Financial Independence, Retire Early, otherwise known as FIRE, is a financial movement gaining steam across the country and around the globe.
The FIRE movement is based on the idea of using a super high personal savings rate to accumulate wealth quickly. Then, using that wealth to live the life you want to lead, minus the financial restraints of being tied down to a job.
The Origin Of FIRE
Many people point to the early 90s with the book Your Money or Your Life as the source of the financial independence mindset. The authors, Vicki Robin and Joe Dominguez, introduced the idea that we’re spending much of our lives working at jobs we don’t enjoy only to buy things we don’t need.
They stressed the idea of using money to purchase as much as you need to survive, but ultimately forgoing life’s luxuries in favor of using your life energy for other, more meaningful pursuits.
Why Do People Pursue FIRE?
Participants in today’s FIRE movement aim to “retire” from their 9-to-5 jobs in their 30’s or 40’s to pursue other, often more creative ventures.
Generally, someone can claim to have reached FIRE when they are no longer required to hold a job to take care of expenses. At the core of the movement, it’s based around several key elements:
- Freedom – Financial independence provides the space to work when you want, where you want, not to be bound to your physical office location, and the autonomy to travel the world. Many people who look to the FIRE movement do so with freedom of movement and financial choices as a primary driver.
- Choices – When you’re tied down to a full-time job, you have to go to work five days a week. There is no other option. Financial independence creates choices for people who get to decide who they want to work for, if anyone, and how much time they choose to dedicate to their endeavors.
- Time – Becoming financially independent grants you the time to pursue whatever lifestyle you want and participate in the things that matter most to you. Many proponents of FIRE aim to spend more time with family, especially while children are young.
- Simple living – People who look to the FIRE movement are willing to make extremely frugal choices to speed up their financial independence timeline. In doing so, they pare down to the essentials. It’s not uncommon for a family pursuing FIRE to live in a camper or tiny house, move to a lower cost of living area, or house hack with other families or loved ones to keep housing expenses extremely low.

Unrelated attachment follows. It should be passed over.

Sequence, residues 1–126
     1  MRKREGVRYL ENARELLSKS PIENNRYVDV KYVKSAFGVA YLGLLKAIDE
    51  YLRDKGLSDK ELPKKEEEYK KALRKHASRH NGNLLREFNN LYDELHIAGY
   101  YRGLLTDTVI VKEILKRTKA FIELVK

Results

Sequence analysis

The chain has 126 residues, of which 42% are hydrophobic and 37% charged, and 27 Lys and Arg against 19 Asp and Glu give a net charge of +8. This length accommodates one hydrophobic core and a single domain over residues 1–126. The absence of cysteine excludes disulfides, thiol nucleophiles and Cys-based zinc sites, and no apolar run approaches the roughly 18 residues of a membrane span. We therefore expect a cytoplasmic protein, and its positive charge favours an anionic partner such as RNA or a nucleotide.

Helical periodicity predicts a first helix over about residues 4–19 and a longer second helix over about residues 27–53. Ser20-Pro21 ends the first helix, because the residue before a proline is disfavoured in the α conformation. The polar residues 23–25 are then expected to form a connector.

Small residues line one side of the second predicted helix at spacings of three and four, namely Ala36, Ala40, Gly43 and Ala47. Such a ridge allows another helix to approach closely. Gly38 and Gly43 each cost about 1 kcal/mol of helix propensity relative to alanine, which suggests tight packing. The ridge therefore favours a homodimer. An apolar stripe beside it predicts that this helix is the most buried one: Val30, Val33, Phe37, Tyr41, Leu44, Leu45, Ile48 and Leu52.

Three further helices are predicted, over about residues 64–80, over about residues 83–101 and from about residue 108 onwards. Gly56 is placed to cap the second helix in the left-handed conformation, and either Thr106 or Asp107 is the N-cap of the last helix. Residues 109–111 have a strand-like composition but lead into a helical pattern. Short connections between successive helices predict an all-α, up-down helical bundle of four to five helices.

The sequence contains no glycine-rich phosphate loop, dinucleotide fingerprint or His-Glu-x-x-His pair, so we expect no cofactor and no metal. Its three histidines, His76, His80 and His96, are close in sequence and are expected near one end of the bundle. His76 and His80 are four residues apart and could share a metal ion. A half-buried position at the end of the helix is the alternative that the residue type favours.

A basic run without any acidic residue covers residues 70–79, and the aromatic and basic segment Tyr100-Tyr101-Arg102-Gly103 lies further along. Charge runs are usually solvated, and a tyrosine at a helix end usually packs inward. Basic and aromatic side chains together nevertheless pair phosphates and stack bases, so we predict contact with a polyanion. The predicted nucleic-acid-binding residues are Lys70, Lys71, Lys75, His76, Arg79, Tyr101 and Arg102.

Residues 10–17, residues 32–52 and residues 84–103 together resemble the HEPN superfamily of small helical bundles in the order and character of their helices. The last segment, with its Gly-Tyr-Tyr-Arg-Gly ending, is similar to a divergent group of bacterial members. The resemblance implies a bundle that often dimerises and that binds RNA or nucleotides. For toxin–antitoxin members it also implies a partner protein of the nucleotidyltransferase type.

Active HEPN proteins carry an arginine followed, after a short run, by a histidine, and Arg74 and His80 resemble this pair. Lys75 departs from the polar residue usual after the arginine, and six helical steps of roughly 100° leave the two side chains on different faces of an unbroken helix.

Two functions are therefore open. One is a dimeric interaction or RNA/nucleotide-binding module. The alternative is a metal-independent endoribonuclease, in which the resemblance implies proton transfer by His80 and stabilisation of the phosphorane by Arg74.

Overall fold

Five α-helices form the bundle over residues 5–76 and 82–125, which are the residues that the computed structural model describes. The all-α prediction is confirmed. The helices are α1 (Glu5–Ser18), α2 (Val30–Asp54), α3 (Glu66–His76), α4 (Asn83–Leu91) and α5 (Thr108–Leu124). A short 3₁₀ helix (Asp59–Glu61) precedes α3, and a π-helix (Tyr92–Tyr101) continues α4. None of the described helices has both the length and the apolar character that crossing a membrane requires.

How To FIRE
The ability to become financially independent and retire early rests on the fact that you are willing to save a significant portion of your income to do so. Often people who are serious about FIRE are saving upwards of 50% of their take-home pay in various investments. It all starts with a plan:
Define Your Goals
Gaining financial independence is an admirable goal to set, but it’s critical to define what exactly that means for your situation. Does it mean you’ll be able to buy whatever you want, travel frequently, and stay in high-end accommodations? Or does it mean you’ll live in your tiny house, self-sustain from your backyard garden, and generally stay put at home? You’ll want to get very specific about the lifestyle you want to lead after early retirement, as this generally guides the next several steps.
Find Your Number
The amount of money needed to retire early looks a little different from the money needed to retire at a traditional age. While multiplying current income by 25 makes sense for people who plan to spend 25 or 30 years living off those funds, early retirees could be facing 60 or 70 years living off those funds instead. It’s vital to compare calculations that project investment returns over your retirement horizon to figure out the most appropriate number.
Calculate Your Savings Rate
If you’re curious about what you’d need to save to gain financial independence, it’s imperative to calculate your personal savings rate. Based on the amount of money you need, you may find that saving 50-60% of income will do the trick.
Find Ways to Cut Back and Earn More
To accomplish the reality of early retirement, you’ll need to find tangible ways to cut back on day-to-day expenses. Since you can only cut so much, it’s also important to consider trying to get a raise at work, starting a side hustle, or developing other income streams to expedite the rate at which you can reach financial independence.
How Not To FIRE
While the concept of retiring early sounds like a dream to most, FIRE isn’t for everyone. It’s vital to pursue FIRE for the right reasons:
Escape From a Job You Hate
There are two options when you think about taking a new path, moving towards something, and moving away from something. Financial independence is a means to move toward a life of freedom without worrying about money at every step. Merely being able to step away from a job you hate doesn’t mean that it will translate into happiness in your new life.
Everyone Else is Doing It
The decision to pursue financial independence is very personal. It requires a pretty significant lifestyle change and, as such, a deeply personal commitment. FIRE is not the type of thing you can hop on the bandwagon just because your friends decided to do so.
The greatest thing about the FIRE movement is that it means different things to different people. And only you can decide what precisely financial independence is going to do for your life.
Whether you want the freedom to explore other countries, careers, or lifestyles, FIRE can be the path to get you where you want to be.